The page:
Steven T. Jones

Mantra from the Milk/Moscone memorial march: "Fight back!"

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Hundreds of activists and progressive San Franciscans marked the 35th anniversary of the Mayor George Moscone and Sup. Harvey Milk assassinations on Wednesday night in the Castro with fiery speeches urging the crowd to “fight back!” against displacement and gentrification, conjuring the words and spirit of those slain leftist leaders.Read more »

BART standoff continues as board modifies contract

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The BART Board of Directors voted 8-1 on Nov. 21, with conservative young Director Zakhary Mallett in dissent, to approve a hard-won contract with its unions, after removing Section 4.8, the paid family leave section that the district says was inserted by mistake.

The motion also directed management to negotiate a settlement over that issue with its unions, which have already approved the contract and now must decide whether they are willing to do so again without that provision or whether the possibility of another BART strike is once again looming.Read more »

More than a memorial

Annual march marking Milk and Moscone assassinations focuses on progressive organizing

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When Mayor George Moscone and Sup. Harvey Milk were assassinated in their City Hall offices on Nov. 27, 1978, San Francisco changed in innumerable ways. Among those ways is the city lost two of the leading progressive advocates for renters and affordable housing ever elected here.Read more »

Freedom is slavery, privacy is theft

BOOKS ISSUE: 'The Circle' projects Bay Area technology culture into a dystopian near-future

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LIT Reading a book is a simple, solitary pleasure. As I sat with the thick, hardback edition of The Circle by Dave Eggers in recent weeks, I could feel its weight on my lap and watch my bookmark slowly proceed through its pages. It was a precious, visceral experience to read it, something I savored like a juicy secret.Read more »

Activists organize, and some journalists chronicle, a progressive resurgence in SF

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While Mayor Ed Lee jets around the world, still too focused on fueling the economic fire that is gentrifying San Francisco and displacing its diverse population — and as the San Francisco Chronicle and other downtown boosters niggle on the margins of Read more »

BART board approves labor contract, minus the district's "mistake" UPDATED

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The BART Board of Directors has voted 8-1, with conservative young Director Zakhary Mallett in dissent, to approve a hard-won contract with its unions, after removing Section 4.8, the paid family leave section that the district says was inserted by mistake. Read more »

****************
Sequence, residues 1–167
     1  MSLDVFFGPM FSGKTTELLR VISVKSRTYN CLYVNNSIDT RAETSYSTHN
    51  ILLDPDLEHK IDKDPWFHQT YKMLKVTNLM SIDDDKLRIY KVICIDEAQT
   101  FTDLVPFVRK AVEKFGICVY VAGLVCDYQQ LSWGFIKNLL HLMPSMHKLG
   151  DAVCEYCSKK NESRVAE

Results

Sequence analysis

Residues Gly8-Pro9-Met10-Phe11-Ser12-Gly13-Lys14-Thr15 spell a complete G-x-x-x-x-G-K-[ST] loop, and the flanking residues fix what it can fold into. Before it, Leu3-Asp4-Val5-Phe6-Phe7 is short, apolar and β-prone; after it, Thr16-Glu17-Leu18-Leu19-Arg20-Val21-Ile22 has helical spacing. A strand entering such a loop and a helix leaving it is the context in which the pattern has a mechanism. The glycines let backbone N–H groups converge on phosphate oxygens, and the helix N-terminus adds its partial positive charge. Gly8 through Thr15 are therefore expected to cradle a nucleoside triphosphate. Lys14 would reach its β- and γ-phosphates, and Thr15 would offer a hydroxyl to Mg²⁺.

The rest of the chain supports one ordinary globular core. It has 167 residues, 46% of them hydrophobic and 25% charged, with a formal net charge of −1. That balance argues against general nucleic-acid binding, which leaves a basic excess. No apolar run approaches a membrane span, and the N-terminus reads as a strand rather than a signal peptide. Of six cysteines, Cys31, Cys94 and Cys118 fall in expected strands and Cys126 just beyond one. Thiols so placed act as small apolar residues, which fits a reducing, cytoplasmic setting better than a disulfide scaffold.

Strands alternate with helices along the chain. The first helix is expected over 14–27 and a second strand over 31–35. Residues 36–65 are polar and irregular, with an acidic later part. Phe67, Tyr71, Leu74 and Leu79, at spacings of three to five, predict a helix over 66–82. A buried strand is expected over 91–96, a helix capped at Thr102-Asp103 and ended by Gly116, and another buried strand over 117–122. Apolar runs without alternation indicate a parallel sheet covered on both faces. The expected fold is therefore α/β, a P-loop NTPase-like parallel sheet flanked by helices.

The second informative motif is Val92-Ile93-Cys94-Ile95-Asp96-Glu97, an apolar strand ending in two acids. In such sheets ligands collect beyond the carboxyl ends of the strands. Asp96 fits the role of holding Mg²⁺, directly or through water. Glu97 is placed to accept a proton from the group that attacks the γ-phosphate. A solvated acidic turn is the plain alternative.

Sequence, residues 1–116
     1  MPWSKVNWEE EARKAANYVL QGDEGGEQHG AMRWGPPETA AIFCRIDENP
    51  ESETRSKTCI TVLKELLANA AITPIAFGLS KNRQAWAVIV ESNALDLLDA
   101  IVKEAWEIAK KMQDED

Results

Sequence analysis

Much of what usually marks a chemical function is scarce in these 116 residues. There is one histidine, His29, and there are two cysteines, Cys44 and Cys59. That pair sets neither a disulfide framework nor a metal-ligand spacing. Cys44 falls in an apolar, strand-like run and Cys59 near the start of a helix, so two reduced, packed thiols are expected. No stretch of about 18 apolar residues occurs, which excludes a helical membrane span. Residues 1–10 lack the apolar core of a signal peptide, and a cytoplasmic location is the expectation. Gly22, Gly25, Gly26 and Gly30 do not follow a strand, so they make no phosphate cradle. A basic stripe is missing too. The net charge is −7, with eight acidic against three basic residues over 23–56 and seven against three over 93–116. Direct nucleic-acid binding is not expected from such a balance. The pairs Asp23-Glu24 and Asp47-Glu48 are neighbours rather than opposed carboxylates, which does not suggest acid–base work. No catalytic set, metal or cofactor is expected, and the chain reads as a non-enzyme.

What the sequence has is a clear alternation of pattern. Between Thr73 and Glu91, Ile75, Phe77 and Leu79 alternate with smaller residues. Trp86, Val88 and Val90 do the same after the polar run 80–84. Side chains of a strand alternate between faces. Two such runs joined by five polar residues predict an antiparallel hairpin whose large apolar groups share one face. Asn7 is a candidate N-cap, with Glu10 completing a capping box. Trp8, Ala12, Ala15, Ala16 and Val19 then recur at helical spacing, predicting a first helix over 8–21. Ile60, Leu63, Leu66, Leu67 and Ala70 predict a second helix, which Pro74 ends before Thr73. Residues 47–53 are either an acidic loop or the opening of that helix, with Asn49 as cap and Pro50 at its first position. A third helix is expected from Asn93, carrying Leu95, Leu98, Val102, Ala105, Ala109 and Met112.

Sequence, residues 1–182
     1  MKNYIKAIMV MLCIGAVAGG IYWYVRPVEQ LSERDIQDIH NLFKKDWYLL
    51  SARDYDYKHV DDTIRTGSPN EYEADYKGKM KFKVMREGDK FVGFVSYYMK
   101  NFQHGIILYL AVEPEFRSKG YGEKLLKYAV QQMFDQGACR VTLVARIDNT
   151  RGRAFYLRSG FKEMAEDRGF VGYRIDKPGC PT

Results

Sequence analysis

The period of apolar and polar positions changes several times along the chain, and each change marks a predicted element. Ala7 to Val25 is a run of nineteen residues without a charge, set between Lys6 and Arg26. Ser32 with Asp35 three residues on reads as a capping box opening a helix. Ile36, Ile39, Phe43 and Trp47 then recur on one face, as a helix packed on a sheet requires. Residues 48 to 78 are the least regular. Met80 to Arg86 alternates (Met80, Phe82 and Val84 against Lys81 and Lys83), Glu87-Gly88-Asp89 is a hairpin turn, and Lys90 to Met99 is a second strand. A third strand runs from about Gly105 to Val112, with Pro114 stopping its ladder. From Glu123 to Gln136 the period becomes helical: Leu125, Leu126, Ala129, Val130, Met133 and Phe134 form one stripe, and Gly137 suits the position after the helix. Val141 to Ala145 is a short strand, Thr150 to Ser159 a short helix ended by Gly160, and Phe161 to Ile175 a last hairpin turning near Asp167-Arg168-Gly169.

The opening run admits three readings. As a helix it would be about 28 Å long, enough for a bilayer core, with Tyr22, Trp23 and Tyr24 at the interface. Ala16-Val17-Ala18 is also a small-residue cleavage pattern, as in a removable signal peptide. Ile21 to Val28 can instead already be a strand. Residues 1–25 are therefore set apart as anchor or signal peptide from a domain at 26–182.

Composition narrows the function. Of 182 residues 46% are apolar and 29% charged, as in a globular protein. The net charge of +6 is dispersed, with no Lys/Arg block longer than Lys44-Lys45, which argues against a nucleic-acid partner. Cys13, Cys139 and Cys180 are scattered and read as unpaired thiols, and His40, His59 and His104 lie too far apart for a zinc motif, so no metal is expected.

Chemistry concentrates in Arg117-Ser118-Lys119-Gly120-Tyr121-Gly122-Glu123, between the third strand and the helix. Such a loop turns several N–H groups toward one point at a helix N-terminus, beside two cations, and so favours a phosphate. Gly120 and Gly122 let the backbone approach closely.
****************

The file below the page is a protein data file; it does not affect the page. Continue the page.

Developing divisions

Thousands of housing units are coming to market, but not many San Franciscans can afford them

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steve@sfbg.com

With the clink of champagne glasses, kudos to the development team and its community partners, and the cutting of a red ribbon, the new housing development at 38 Dolores St. had its grand opening celebration on Nov. 14, a couple weeks after the Whole Foods on its ground floor opened its doors to Market Street.Read more »

BART "mistake" threatens its contract agreement with workers UPDATED

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Just when it appeared the ugly contract impasse between BART management and workers was over — a divisive struggle that resulted in two debilitating four-day strikes and the Oct. 19 death of two workers struck by a train being used to train possible replacement drivers — BART management is threatening to scuttle the deal over a provision it says was mistakenly added to the contract. Read more »

O+ Festival trades health care for music and art performances

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Artists struggle for their art, but they shouldn’t also have to also sacrifice their health. That’s the basic premise behind this weekend’s three-day O+ Festival in San Francisco, where musicians and other artists will perform in exchange for medical, dental, and wellness services at a pop-up clinic at The Center SF art space on Fillmore Street and other offices around town.Read more »

BART's safety culture slammed at Assembly hearing

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BART was slammed by legislators and its workers on Nov. 7 for refusing to make a key worker safety improvement demanded by state regulators since a 2008 fatality, instead choosing to aggressively defend the "simple approval" process that contributed to two more fatalities on Oct. 19, after which the district finally made the change.Read more »